You don't happen to be one of those damned colonials do you? ;)

With an Irish actor in the lead.

So the question is - did someone write a similar script to Total Recall and then some execs thought to adapt it so it was titled under the same franchise - and would it get the same attention if it was it's own vehicle

But as a diverting piece of eye candy, it’s just about worth the price of admission."

Such reviews encourage the execs to make more flashy, empty quick-buck stupid CGI fests. Bad, bad review.

So Farrell's character is a factory? (see third paragraph). Surely that's a test even for his acting abilities!

I suspect the script writers decided on this so Americans didn't feel bad about possibly becoming an evil empire in the future.

Len also decided to add an inhumane number of lens flares. Normally this doesn't bother me but there were times in this movie where they are standing in a dark room with no windows and you still get the flare. Clearly someone was watching Super 8 before editing.

Sounds like one to pick up on DVD for £7 in a few months...

I saw the original on its initial release, and I was unimpressed. I love Philip K Dick's novels and short stories. For me, the first film is totally lacking in the area of set design and casting.

So, Colin's character is a "lowly factory"? Hmmmm, what a strange role for him to chose.

One of the worst movies I've seen this year. Nothing about this movie is memorable or thought out, and Bill Nighy is completely wasted in his role. Kate Beckinsale looks good in underwear. That's about it.

Now explain why it's a flop. It cost $125 million and it has made $55 million. Let me explain: it uses special effects and glossy visuals to cover a pedestrian script. Get moving, morons. Move, move, move. Kate Beckinsale's character should have been killed on page 17. Move, move, move.

I think the Total Recall reboot has problems, but I did think the sheer look of it on a huge screen was excellent.

The fact that the world actually felt like it worked, that they've bothered to make it so detailed, is, I'd argue, something of merit. The first half of the film for me was good, solid sci-fi cinema. It falls apart horribly for the second, but I'm really glad I got to see the opening hour on a big screen.

Had my doubts, gave it a chance... and it was awful. The only good thing about it was the way the future technology was nicely incorporated - the steering wheel that slid from one seat to the other to switch drivers, for example. But the script was staggeringly, clunkingly awful. The sheer number of times which Colin Farrell seemed to be lumbered with asking "Are you ok?" or the pointless conversation with Bill NIghy's character that seemed to be the scriptwriter's Big Meaningful Conversation moment... there was a lot of money thrown at this movie, wouldn't it be nice if some of it had been spent on a decent script?

Kate Beckinsale looks good in underwear..that's the price of admission right there.

Ok, with that I can agree, however I am really afraid of incoming uninspired reboot wave, especially the new Robocop, having heard the script rumors and director's problems in production.

I can see akind of trend here - 80s and 90s movies reboots being treated as early superhero films - like Fantastic 4 or Daredevil. Soulless moneymakers for the viewers not aquinted with originals.

Uninspired reboots? Share your concerns. Don't think that makes it a bad review, though.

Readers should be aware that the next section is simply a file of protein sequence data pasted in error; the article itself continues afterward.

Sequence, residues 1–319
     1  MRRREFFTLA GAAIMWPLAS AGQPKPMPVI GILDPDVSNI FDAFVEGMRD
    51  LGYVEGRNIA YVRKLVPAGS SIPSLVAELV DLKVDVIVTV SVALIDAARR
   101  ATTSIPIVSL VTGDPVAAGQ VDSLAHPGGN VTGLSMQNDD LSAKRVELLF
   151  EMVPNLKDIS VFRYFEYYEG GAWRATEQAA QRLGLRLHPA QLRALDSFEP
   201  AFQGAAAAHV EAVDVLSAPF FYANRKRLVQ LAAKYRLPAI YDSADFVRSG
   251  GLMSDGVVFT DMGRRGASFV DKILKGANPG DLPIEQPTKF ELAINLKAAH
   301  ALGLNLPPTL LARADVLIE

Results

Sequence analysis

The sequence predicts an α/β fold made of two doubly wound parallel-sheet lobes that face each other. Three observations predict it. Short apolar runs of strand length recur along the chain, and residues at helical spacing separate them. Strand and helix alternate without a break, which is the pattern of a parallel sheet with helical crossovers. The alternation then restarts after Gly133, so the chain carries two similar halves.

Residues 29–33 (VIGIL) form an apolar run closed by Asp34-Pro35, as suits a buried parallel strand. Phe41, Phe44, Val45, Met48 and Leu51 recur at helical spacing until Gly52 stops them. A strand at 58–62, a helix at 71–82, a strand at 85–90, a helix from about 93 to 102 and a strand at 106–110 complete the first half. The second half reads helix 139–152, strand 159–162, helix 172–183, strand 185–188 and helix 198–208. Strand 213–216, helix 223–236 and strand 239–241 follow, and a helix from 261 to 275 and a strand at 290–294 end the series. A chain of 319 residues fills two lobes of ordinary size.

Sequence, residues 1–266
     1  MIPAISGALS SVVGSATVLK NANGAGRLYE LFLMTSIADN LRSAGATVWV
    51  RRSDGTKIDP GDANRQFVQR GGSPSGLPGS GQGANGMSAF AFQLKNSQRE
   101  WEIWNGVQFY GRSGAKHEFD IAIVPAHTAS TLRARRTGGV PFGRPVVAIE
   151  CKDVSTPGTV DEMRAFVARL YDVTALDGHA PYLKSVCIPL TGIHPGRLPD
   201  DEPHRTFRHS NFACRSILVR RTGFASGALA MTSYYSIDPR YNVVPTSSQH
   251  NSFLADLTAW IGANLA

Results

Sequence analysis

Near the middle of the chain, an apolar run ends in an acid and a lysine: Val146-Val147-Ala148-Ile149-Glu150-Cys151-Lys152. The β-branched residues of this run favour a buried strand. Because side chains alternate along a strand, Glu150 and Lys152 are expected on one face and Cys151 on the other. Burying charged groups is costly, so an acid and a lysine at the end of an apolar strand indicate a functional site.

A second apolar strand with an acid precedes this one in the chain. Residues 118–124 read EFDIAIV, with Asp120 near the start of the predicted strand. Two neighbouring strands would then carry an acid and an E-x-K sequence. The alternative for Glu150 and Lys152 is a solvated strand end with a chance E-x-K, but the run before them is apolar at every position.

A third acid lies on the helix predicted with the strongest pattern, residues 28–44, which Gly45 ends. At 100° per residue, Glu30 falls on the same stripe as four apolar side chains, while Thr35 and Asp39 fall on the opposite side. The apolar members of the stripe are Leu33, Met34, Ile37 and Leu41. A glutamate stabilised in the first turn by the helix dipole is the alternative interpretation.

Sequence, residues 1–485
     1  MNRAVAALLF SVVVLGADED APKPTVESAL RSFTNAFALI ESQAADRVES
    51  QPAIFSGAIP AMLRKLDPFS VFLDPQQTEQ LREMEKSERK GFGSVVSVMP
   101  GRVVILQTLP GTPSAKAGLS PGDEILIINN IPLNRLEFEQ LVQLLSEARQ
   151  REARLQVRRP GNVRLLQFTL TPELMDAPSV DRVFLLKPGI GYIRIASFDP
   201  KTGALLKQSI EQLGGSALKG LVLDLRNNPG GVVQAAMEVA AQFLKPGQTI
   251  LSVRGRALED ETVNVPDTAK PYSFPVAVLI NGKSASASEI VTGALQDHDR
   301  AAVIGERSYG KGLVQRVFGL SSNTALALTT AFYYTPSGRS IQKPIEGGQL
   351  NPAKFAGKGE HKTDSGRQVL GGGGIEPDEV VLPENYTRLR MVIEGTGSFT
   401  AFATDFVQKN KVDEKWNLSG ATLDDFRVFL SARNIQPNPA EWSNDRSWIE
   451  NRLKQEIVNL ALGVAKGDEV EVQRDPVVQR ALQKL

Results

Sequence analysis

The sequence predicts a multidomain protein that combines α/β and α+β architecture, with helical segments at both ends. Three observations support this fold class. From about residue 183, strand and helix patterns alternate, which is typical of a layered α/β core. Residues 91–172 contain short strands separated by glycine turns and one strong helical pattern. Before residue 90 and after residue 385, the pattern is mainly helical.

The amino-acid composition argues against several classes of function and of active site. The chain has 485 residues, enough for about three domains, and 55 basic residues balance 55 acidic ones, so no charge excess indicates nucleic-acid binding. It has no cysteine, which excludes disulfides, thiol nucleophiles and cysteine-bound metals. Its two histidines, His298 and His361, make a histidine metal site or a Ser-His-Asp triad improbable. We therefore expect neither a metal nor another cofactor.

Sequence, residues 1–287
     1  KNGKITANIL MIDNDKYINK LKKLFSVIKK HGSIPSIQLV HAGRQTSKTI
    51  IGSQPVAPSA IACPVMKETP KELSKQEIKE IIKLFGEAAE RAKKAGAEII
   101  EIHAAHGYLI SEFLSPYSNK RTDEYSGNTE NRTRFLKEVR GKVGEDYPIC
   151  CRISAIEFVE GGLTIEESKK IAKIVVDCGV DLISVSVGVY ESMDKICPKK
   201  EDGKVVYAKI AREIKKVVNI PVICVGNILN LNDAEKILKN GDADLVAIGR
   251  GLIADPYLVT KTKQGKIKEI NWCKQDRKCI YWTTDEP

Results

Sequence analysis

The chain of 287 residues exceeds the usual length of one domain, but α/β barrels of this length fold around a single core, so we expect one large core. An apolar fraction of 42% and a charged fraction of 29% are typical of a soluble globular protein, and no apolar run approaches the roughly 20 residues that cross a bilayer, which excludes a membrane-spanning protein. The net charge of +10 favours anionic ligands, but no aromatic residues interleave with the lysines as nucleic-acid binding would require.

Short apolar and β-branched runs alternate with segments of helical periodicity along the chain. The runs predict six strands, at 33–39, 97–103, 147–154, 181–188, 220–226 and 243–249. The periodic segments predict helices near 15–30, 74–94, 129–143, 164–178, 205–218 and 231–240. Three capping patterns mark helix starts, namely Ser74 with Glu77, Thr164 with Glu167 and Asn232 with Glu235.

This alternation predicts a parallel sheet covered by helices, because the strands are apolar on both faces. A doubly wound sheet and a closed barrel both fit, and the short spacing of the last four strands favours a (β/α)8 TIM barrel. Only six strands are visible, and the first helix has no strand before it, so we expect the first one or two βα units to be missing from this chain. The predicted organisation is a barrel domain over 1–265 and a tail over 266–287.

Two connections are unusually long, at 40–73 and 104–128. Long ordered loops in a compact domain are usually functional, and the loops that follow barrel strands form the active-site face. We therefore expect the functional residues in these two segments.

When a reviewer walks into a screening, they have to approach the film as cold as possible. I've got no urge to rewatch the new Total Recall, and would have preferred with an original sci-fi movie instead. But I do agree with this review, on the whole.

Umm, except that's not true is it? $55 Million is the US total only. Add in the 'foreign' markets and Total Recall currently stands around $135 million so it's made the production cost back. It's still got several markets where it's only just been released or isn't out yet (UK, Ireland, Portugal, Finland, Poland, Greece, Spain and Italy). Figure by the time it's done it'll be in the black or damn close to it with DVD / Blu Ray sales still to go. Won't be setting any records but it'll be okay.

What a piece of boring garbage.It was boring. The production design was stolen from Blade Runner ( not very imaginative) The Chase scene over the roofs ( Matrix II ) The Robot army from I Robot...Skinny girls in underwear aren't exactly a substitute for a story. The Original was memorable, new and fresh and compared to this bland blender food of lukewarm reheated scenes of other films still lightyears ahead;.

Yup. But then again, I have the Internet, soooo...

I dunno - I'd love to see a "good" Fantastic 4 movie. The ones they put out were, in my humble beige-collar opinion, rubbish.


I thought this was pretty awful. The script was poor almost beyond belief. The number of times the female characters muttered "S**t" when things didn't go there way was laughable. There was a distinct lack of depth to any of the characters and the acting was mediocre through broad patches of the film. Why did Bill Nighy struggle along (admittedly briefly) with a dodgy American accent? This was entirely unnecessary. Brian Cranston didn't feature nearly enough. Colin Farrell made the best of a bad situation and fitted the role well. Overall, I just struggled to connect, to care. I love the original and perhaps that has clouded my judgement, but ultimately I found this boring!

true enough. wonder if they have a pause button for movie theatres. wouldn't it be great to pause Kate Beckinsale wearing underwear or less on a giant movie screen?

I used to think the original was a bit rubbish but after wasting £10 on this turkey I've revised my opinion.

It's an ironic twist that in the UFB all the bad guys speak with an American accent!